He traveled, and is still traveling, to discover the essence of life through human relationships; to get to know others and know himself through them. He lives a life in which art occupies a decisive place; where it’s failure means learning. Since 1992, Fausto has lived in Bilbao with his whole family. There he works as “pizzaiolo” and “pastaio” in his family shop, Pasta y Pizza Grossi, which shares a place with Spazio Grossi. Pasta and Pizza Grossi with Spazio Grossi is a place of gathering devoted to art and culture, including collaborations with ex!poesía (triennial of experimental poetry of Basque Country) and M.E.M. Festival. Fausto’s art practice includes cooking, sharing and making evident things of daily life that normally go unnoticed. Art for him is like breathing, it is something natural, something he needs to live, to feel alive and to be what he is: a human being.
— in conversation with Daina Warren and Peter Morin
Peter Morin is a grandson of Tahltan Ancestor Artists. Morin’s artistic offerings can be organized around four themes: articulating Land/Knowing, articulating Indigenous Grief/Loss, articulating Community Knowing, and understanding the Creative Agency/Power of the Indigenous body. The work takes place in galleries, in community, in collaboration, and on the land. All of the work is informed by dreams, Ancestors, Family members, and performance art as a research methodology. Morin began art school in 1997, completing his Bachelor of Fine Arts at Emily Carr Institute of Art and Design in Vancouver in 2001 and his Masters in Fine Arts in 2010 at the University of British Columbia-Okanagan. Initially trained in lithography, Morin’s artistic practice moves from printmaking to poetry to installation to performance art. Morin’s first performance ‘I grieve too much’ took place at the Museum of Anthropology in 2005. Peter is the son of Janelle Morin (Crow Clan, Tahltan Nation) and Pierre Morin (Quebecois). Throughout his exhibition and making history, Morin has focused upon his matrilineal inheritances in homage to the matriarchal structuring of the Tahltan Nation, and prioritizes Cross-Ancestral collaborations. Morin was longlisted for the Brink and Sobey Awards, in 2013 and 2014, respectively. In 2016, Morin received the Hnatyshyn Foundation Award for Outstanding Achievement by a Canadian Mid-Career Artist. Morin currently holds a tenured appointment in the Faculty of Arts at the Ontario College of Art and Design University in Toronto, and is the Graduate Program Director of the Interdisciplinary Master’s in Art, Media and Design program at OCADU.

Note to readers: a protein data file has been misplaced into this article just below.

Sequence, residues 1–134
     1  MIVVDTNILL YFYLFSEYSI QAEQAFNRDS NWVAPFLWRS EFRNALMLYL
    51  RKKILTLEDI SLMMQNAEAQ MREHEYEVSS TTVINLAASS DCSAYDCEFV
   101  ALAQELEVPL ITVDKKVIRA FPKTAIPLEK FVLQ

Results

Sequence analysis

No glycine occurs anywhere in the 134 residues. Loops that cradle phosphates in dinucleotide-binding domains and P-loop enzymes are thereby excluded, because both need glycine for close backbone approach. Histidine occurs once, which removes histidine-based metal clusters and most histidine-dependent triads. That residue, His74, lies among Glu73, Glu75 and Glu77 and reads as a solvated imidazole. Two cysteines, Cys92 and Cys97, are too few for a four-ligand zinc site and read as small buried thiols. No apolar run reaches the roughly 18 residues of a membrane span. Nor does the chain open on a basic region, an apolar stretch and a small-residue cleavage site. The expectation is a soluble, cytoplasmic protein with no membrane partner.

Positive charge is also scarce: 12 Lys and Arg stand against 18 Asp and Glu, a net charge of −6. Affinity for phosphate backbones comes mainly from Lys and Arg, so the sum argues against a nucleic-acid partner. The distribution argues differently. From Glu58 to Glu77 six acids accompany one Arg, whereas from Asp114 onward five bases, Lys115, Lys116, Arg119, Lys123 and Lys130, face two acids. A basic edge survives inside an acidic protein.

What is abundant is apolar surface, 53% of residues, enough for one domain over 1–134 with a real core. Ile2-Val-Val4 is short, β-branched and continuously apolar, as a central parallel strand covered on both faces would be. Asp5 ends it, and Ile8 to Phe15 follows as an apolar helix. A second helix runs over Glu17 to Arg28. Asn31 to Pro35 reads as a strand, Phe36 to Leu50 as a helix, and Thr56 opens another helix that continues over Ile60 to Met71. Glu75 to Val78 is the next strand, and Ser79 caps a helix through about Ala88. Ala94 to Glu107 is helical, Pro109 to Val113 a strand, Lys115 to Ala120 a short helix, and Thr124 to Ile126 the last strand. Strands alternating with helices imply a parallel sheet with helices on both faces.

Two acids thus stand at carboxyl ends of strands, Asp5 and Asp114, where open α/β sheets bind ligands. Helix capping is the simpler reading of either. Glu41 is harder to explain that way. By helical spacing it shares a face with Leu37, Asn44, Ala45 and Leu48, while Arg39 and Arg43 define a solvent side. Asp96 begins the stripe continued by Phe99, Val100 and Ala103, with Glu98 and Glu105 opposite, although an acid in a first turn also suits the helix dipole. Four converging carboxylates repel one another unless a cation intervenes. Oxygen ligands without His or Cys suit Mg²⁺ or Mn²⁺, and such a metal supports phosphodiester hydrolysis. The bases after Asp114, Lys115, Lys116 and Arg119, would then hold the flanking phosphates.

Daina Warren is from the Akamihk (Cree) Nation in Maskwacis (Bear Hills), AB. She was awarded two Canada Council’s Aboriginal Curatorial Residencies the first to work with grunt gallery, Vancouver BC (2000-2001) and a second residency at the National Gallery of Canada in Ottawa, Ontario (2010-2011). She has a BFA from the Emily Carr University of Art and Design (2003) and an MA from UBC (2012). Warren was awarded the 2015 Emily Award from Emily Carr University and was selected as one of six Indigenous women curators as part of the Canada Council for the Arts Delegation to participate in the International First Nations Curators Exchange that took place in Australia (2015), New Zealand (2016), and Canada (2017). Her most recent accomplishment was winning the Hnatyshyn Foundation Award for Curatorial Excellency in 2018. She is currently the Director of Urban Shaman Contemporary Aboriginal Art in Winnipeg, Manitoba.
- Documentation of piece of Peter Morin’s In Order to Contemplate the Making (2009)
- John Boehme’s 1999 LIVE at the End of the Century Cabaret Performance
- grunt gallery’s INDIANacts: https://indianacts.gruntarchives.org/index.html
- Peter Morin’s “12 Making Objects: 12 Indigenous interventions a.k.a First Nation’s DADA”
- Additional footage from LIVE 2009